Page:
Full day meeting / visit with Swaccha Ganga (“Clean Ganges”) Campaign, an organization devoted to cleaning up Ganges, whose stated goal is to ensure that not one drop of sewage enters the Ganges at Varanasi.
Dinner & overnight in Varanasi

After breakfast, proceed to Bodhgaya by bus (250 kms /5 hrs drive) en route visiting Sarnath, site of Buddha’s first sermon.
Dinner & overnight in Bodhgaya

Full day visit to Mahabodhi temple as well as other sites linked to the life of Lord Buddha.
Visit the famous Mahabodhi Temple, which has been restored and rebuilt over the centuries.
Later afternoon: Lecture on Tibetan Buddhism by faculty at the Mahabodhi Institute.
Dinner & overnight in Bodhgaya

After breakfast at the hotel, transfer to Patna airport by bus (200 kms / 7-8 hrs drive including visit) en route visiting Rajgir & Nalanda (Buddhist sites) en route.
Arrive Patna in time to board flight for Delhi at 1920 hrs
Arrive Delhi at 2055 hrs and later transfer to hotel
Dinner & overnight in Delhi

Mon 04 Jul IN DELHI
Breakfast at the hotel.
Full day free for independent activities – check out from hotel at 1800 hrs
After dinner in a city restaurant, transfer to international airport to board onward flight

Leave Delhi for United States by international flight.

2011 India Seminar: Participants and Projects
Sources: Indian History, Religion, and Society

Mark Berkson, Associate Professor of Religion
Hamline College

In terms of teaching, I hope to revise my existing courses that explore Indian religions, especially Religions of South Asia. I will bring to the class a perspective shaped by travel in India and the encounters and experiences it makes possible. The fact that I have never been to India makes me more comfortable teaching ancient texts than talking about the realities of religious life in India. Ultimately, I would like to develop a new course that focuses on religion in contemporary India. My current Religions of South Asia course does not reach the 20th century until the last three weeks of the semester, where we have to cover religious nationalism, partition, and the countless developments of the last century. I would like to devote an entire semester to the complexities of religion in India today, exploring the changing nature of religious belief and practice in a globalizing, increasingly economically powerful India, and analyzing the interplay of continuity and change at all levels of society. I believe that participating in the India program will also allow me to contribute to the larger university community outside of the classroom. For example, Hamline’s Global Studies program brings together scholars from a variety of fields for an International Roundtable each week. In the past, I have given presentations to the roundtable on East Asian themes. However, because there are so few faculty at Hamline with expertise in South Asia, very few roundtable events feature a discussion of India. In terms of my scholarship, I have a particular interest in religious pluralism that has shaped both my teaching and writing. I want to examine the extent to which pluralistic religious perspectives play a role in maintaining peace among Hindus, Muslims, Sikhs and others in villages and cities throughout India. I hope to talk with Indian Hindus, Muslims, Sikhs and Buddhists about their attitudes towards other traditions and the way that their views are shaped through their engagement with history, literature, scripture, and practice. Of personal interest for me is that I have practiced meditation and yoga for over 16 years, and these practices have not only been transformative for me, but have also helped me bring a participant’s perspective to the classroom.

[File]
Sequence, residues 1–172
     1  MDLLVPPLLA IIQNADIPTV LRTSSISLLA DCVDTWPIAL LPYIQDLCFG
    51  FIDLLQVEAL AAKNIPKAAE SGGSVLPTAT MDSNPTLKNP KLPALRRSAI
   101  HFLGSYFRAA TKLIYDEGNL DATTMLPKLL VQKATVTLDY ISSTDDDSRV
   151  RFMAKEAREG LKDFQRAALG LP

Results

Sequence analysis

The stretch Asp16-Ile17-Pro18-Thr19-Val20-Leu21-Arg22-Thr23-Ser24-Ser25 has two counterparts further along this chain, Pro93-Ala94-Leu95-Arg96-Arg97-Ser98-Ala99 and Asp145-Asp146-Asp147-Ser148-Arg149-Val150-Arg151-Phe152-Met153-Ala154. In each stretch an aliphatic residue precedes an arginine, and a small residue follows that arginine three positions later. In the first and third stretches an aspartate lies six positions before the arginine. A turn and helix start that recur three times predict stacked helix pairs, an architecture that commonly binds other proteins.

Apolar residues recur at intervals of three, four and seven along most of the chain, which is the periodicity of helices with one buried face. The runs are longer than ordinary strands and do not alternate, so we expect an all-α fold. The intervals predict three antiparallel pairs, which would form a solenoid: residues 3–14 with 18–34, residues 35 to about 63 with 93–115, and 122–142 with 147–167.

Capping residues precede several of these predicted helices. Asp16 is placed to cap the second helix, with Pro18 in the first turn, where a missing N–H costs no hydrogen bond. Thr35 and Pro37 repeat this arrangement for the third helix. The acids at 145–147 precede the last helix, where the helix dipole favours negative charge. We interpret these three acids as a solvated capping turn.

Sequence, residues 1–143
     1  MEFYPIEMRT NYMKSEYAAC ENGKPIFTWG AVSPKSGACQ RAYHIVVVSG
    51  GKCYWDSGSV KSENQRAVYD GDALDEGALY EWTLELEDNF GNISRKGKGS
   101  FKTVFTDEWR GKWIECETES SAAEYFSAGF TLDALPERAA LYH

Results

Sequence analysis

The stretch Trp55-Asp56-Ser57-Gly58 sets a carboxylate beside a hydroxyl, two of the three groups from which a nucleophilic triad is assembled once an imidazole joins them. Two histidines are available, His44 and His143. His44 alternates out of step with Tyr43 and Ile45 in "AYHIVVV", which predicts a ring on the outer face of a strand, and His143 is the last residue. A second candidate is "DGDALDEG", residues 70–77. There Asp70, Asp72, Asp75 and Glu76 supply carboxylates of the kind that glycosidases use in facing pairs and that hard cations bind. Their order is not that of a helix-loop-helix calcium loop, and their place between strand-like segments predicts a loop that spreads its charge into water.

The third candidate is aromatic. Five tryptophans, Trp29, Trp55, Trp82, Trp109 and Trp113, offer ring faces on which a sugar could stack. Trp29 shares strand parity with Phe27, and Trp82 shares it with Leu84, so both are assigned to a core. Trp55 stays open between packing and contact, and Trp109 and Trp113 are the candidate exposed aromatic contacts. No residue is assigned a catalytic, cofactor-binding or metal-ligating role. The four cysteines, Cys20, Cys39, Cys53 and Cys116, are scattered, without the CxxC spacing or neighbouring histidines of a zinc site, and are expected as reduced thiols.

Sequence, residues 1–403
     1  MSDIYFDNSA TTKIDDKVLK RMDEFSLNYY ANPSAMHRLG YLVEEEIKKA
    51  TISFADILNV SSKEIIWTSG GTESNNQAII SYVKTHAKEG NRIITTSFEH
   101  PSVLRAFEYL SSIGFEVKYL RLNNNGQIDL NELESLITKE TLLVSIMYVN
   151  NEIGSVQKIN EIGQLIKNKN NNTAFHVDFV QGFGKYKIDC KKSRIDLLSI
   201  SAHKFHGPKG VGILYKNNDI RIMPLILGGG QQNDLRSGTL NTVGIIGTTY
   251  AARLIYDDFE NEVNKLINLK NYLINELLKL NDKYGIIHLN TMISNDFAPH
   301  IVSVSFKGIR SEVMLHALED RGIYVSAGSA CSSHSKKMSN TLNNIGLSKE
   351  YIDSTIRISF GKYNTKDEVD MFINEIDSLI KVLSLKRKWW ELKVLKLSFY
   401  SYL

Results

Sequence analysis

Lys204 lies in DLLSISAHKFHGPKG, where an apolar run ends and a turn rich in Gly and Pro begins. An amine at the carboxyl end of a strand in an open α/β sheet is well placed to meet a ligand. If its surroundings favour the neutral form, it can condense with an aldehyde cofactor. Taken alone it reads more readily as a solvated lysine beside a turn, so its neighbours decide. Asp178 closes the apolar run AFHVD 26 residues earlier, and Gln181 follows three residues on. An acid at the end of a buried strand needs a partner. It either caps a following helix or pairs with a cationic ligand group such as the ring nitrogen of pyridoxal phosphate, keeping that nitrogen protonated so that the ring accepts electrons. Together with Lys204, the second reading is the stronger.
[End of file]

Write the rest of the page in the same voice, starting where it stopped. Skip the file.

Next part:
Steven Emmanuel, Professor of Philosophy
Virginia Wesleyan College

My main areas of research and teaching lie in comparative ethics and intellectual history, with a special emphasis on Asian thought. Even though one of the main areas of my teaching and research is Buddhist philosophy, I’ve never had an opportunity to travel and study in South Asia. Apart from directly supporting my current research, there are two other important reasons I have for wanting to participate in the India Seminar. The first has to do with my current documentary film project (“The Western Stream”), which has been in the production phase since May 2010. This film deals with the influence of Buddhist thought and practice in the West, with a special emphasis on mindfulness. We are looking at mindfulness not only as a means of promoting optimal health and well being, but also as a vehicle for moral and spiritual transformation, and as a practice that supports nonviolent approaches to social activism. One of my goals for the seminar, therefore, is to gather more information about the early Indian context, particularly the cultural and intellectual sources and contemplative traditions that shaped Gautama Siddhartha’s thought and practice. Ideally, I would like to interview some Indian scholars, as well as capture footage of key historical sites. The India Seminar would also give me an opportunity to enrich and expand courses that I currently teach, and to develop some new ones. One thing I would especially like to do is expand my teaching of Indian Buddhist philosophy, at both the introductory and advanced level, to include more historical and cultural content. The guidance of Indian scholars would be invaluable here. I would also like to bring back a collection of images, artifacts, and video to support this new teaching emphasis. Finally, this opportunity would support our Study Abroad program, which is currently focusing its efforts on sending more of our students to South Asia. As of this writing, none of our current faculty or students have traveled or studied in India. I do hope we can change that with this grant.